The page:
The Musekese Conservation team

One species that perhaps needs more protection during this time than any other is the endangered mountain gorilla, which may be susceptible to coronavirus. Tourism is the primary economic driver for their conservation but whilst the risk posed by the virus remains, the Uganda Wildlife Authority has taken the decision to suspend primate tourism in its wildlife areas. Dr Gladys Kalrema-Zikusoka specialises in animal-human health and champions the link between health education and successfully protecting wildlife. Her company, Conservation Through Public Health, has led the way in training park staff, including wardens, head rangers and head trackers, in how to manage and prevent COVID-19 spreading amongst people and from people to gorillas. Gladys’ work, including a study highlighting the importance of adhering to the 7m distance rule when observing gorillas, will safeguard the gorillas, ensuring travellers will return to lodges such as Volcanoes’ Bwindi Lodge when possible again. A portion of any stay at one of Volcanoes Safaris’ lodges in Uganda also goes towards funding community projects, such as supporting Batwa children going to school at Gahinga, the Bwindi bar training school for local youngsters working in hospitality, conserving the Kyambura Gorge Buffer zone and providing water tanks for local householders in Virunga.

Endangered mountain gorilla in Bwindi Impenetrable Forest

Over in Zimbabwe, Wilderness Safaris has diverted funds originally intended for accommodation to cover anti-poaching patrols by the Scorpion Unit in Hwange National Park. The money will allow the unit to continue work for the next eight months and replaces funds usually provided through tourism. Wilderness Safaris has been involved in supporting Hwange’s Scorpion Anti-Poaching Unit since 2012, taking over the operations of the unit in 2015. In 2019 the Scorpion team covered more than 2,203 km of ground through 273 foot patrols (an increase of 44% from 2018), removed 203 snares and made five arrests. Given Hwange’s vast size, it is a constant challenge to cover this large area but the unit’s work has had a notable impact on the population and diversity of species.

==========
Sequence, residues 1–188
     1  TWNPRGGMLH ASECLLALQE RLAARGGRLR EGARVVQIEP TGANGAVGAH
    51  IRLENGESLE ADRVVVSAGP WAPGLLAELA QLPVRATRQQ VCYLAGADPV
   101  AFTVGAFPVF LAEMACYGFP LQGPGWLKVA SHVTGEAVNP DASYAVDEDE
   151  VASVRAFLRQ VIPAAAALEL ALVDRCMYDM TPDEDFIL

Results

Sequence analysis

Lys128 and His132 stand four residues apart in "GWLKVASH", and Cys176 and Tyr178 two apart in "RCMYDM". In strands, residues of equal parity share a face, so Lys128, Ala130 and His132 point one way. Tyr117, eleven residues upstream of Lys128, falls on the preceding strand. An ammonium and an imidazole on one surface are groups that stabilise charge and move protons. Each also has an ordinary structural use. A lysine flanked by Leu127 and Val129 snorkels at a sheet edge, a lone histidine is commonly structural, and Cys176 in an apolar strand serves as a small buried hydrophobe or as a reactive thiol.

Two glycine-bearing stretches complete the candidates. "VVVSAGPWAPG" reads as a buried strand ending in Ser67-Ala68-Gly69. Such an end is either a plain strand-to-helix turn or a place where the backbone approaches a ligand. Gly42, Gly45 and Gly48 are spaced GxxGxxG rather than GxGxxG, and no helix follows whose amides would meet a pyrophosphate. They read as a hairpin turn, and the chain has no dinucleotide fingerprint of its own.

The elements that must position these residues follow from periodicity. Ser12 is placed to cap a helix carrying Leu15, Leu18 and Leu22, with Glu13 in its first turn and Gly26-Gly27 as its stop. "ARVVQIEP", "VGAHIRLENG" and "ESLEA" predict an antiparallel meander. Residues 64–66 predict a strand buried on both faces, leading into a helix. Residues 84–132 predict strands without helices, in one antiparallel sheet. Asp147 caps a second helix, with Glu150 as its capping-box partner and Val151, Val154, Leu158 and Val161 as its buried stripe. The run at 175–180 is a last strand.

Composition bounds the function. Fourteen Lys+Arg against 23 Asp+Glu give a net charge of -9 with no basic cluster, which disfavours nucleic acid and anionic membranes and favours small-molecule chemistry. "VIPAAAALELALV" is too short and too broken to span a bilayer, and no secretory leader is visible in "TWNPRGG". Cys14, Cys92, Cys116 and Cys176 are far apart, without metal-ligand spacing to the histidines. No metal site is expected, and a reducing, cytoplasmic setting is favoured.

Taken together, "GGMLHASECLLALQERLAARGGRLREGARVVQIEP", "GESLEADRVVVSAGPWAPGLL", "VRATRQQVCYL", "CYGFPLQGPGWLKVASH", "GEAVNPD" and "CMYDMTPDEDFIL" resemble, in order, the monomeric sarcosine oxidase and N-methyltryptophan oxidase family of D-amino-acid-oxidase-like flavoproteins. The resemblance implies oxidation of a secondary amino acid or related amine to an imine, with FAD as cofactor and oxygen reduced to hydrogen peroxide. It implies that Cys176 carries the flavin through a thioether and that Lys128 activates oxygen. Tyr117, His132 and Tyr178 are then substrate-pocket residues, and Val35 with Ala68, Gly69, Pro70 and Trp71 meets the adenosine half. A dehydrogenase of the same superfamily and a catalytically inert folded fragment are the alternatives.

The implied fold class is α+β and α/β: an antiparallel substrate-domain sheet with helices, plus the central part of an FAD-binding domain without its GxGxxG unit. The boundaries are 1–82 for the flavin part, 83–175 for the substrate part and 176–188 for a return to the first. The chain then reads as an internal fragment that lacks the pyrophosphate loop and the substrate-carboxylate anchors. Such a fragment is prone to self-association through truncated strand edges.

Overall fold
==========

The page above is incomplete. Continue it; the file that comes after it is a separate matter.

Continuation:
Guests staying at Wilderness Safaris’ Linkwasha Camp with SAPU rangers

At Ant’s Reserve in South Africa, where one of the most exciting activities is encountering white rhino on horseback, the team quickly realised that the lockdown would make them a particularly soft target for poachers. In just 48 hours, reports emerged of seven rhinos being poached in two different South African reserves, so lodge owner Ant Baber and his staff are on high alert. Many of the rangers that form part of the 24 hour guard on the Ant’s Reserve chose to spend lockdown at Ant’s, and the team are doubling up on the security by using the horses to make anti-poaching patrols, keeping them fit and healthy at the same time. They are even, when moonlight allows, heading out on night patrols on horseback.

Ant's Nest riding safari

Horses and rhino at Ant’s Nest

What next?

If the work these camps are carrying out has inspired you to travel, we would be delighted to help you plan a holiday, or answer any questions about our safaris. Our team of experts have travelled widely throughout Africa. They can offer expert advice on every type of safari from family and beach holidays to riding and primate safaris.  If you would like to talk to someone who has been there and done it, please just send us an email or give us a call.

2 responses to “What happens at safari lodges when the guests don’t come?”

  1. Neil Devine says:

    Sterling and Amazing work! THANK YOU ALL

  2. Jini Gandolfo says:

    Comforting to know that wonderful people are still caring for wildlife!
    Stay safe all of you❤️